Environmentally Sensitive Areas
Environmentally sensitive areas provide water quality benefits, reduce shoreline erosion, and provide habitat necessary for the seasonal and/or life stage requirements of fish, invertebrates, and wildlife.
The WDNR’s designation of a Sensitive Area alerts interested parties that the environmentally critical area contains crucial habitat vital to sustaining a healthy lake ecosystem.
The WDNR has identified two Sensitive Areas in Silver Lake.
Sensitive Area #1 encompasses the offshore area along the northwest corner of Silver Lake.
- The adjacent shoreline is largely publicly owned by the State of Wisconsin and Kenosha County.
- The shoreline in Sensitive Area #1 is almost completely natural except for the public WDNR launch access.
- Trees dominate the shoreland buffer, while shrub and herbaceous plants are common.
- The area exhibits two stream inlet zones and contains a fish spawning marsh with a direct connection to the lake.
- The littoral zone exhibits good aquatic plant diversity with a combination of emergent, floating leaf and submergent aquatic plant species.
- Several attributes enhance water quality, including nutrient buffers, biological and physical zones, micro-habitats, sediment stabilization, and a stream inlet zone.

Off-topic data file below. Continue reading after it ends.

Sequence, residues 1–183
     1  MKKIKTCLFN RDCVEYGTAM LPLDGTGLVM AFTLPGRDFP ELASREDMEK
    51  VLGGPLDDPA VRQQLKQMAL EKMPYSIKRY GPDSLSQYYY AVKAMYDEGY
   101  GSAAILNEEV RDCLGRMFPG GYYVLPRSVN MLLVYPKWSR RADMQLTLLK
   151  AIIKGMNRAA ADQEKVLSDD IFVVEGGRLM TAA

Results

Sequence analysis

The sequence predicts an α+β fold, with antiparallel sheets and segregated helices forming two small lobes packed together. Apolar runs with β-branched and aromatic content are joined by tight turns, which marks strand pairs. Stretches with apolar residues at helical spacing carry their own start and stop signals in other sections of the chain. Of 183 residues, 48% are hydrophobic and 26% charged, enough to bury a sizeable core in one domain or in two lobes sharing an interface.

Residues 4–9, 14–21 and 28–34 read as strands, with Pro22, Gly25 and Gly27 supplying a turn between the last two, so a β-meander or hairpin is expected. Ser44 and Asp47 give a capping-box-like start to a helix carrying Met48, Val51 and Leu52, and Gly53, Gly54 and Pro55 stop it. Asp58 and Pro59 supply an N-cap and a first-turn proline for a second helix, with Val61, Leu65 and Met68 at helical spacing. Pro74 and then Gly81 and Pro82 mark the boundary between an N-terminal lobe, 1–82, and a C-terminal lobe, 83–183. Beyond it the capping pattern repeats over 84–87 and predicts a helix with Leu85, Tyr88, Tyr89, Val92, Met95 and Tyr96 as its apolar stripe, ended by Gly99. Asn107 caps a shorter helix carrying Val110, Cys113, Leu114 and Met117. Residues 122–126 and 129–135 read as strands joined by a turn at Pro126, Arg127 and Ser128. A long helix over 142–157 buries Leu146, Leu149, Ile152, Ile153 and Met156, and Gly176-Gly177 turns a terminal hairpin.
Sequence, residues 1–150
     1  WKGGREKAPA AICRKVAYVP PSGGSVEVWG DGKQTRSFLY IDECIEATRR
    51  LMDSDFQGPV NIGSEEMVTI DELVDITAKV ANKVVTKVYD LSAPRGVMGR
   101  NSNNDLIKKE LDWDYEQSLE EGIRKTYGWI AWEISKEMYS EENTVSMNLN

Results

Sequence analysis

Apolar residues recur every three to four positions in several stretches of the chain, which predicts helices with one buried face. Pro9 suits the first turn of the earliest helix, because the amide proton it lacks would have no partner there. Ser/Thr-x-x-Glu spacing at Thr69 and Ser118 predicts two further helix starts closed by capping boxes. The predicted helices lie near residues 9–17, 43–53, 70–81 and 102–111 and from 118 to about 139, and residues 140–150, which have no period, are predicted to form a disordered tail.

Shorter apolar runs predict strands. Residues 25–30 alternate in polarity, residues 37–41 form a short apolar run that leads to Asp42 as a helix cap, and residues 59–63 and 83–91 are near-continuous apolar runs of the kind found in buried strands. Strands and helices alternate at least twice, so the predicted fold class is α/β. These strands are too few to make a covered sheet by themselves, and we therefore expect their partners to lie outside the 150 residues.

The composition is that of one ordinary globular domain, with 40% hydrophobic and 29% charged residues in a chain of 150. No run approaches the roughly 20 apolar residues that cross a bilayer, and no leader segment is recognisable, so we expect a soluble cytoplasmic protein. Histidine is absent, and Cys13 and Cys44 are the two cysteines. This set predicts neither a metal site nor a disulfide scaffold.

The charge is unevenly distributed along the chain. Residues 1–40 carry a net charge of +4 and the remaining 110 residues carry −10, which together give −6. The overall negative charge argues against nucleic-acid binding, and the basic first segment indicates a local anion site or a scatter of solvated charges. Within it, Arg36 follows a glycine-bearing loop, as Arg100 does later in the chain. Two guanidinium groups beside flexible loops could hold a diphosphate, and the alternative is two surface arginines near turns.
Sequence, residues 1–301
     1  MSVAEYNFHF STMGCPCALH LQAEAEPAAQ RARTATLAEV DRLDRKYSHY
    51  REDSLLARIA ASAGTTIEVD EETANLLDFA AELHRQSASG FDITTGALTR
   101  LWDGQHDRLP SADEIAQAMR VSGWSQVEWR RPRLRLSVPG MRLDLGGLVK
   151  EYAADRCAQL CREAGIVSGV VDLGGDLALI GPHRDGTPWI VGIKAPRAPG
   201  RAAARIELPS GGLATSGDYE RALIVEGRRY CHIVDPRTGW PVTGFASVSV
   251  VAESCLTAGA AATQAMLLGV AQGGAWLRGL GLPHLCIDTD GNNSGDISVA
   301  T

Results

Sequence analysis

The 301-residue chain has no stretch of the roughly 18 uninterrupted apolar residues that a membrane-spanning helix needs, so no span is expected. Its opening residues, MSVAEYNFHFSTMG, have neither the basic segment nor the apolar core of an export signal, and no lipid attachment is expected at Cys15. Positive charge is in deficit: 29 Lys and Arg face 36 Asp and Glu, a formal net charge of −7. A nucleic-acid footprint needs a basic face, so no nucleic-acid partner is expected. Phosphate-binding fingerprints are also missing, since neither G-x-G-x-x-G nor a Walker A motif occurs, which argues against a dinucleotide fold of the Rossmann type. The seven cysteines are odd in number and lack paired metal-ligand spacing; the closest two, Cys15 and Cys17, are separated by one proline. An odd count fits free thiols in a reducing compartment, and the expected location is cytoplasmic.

Sensitive Area #2 is located in the southwestern corner of Silver Lake.
- Sensitive Area #2 was designated primarily due to its importance as a fish nursery.
- The shoreline on the west side of this area is fully developed. The southern boundary is the shoreline at the bottom of the train track embankment.
- Sensitive Area #2 has an abundance of diverse offshore native aquatic vegetation, dominated by native pondweed, that provides quality nursery habitat, feeding and protective cover for the majority of fish species present.
- Some species such as the golden shiner and yellow perch will utilize the submergent vegetation for spawning media.
- Maintenance of the area is crucial to young game fish and forage fish.
The WDNR Sensitive Area designations limit new piers and moorings, and prevents new boat ramps, dredging, filling of wetlands, and other activities that might disturb the aquatic habitat. Chemical treatment of invasive species is to be undertaken carefully to not disturb beneficial aquatic plant species. The WDNR also recommends marking the Sensitive Areas as “No Wake” zones.